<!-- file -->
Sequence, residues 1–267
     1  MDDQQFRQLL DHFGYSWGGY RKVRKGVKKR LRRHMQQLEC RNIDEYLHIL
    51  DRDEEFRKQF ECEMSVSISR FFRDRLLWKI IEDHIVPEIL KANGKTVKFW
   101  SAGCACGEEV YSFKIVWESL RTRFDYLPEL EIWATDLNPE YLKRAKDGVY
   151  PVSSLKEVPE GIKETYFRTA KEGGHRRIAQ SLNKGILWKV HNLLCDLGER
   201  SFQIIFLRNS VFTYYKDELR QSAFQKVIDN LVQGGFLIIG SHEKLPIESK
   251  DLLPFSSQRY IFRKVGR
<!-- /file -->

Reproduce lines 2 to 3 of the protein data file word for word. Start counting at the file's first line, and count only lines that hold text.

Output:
     1  MDDQQFRQLL DHFGYSWGGY RKVRKGVKKR LRRHMQQLEC RNIDEYLHIL
    51  DRDEEFRKQF ECEMSVSISR FFRDRLLWKI IEDHIVPEIL KANGKTVKFW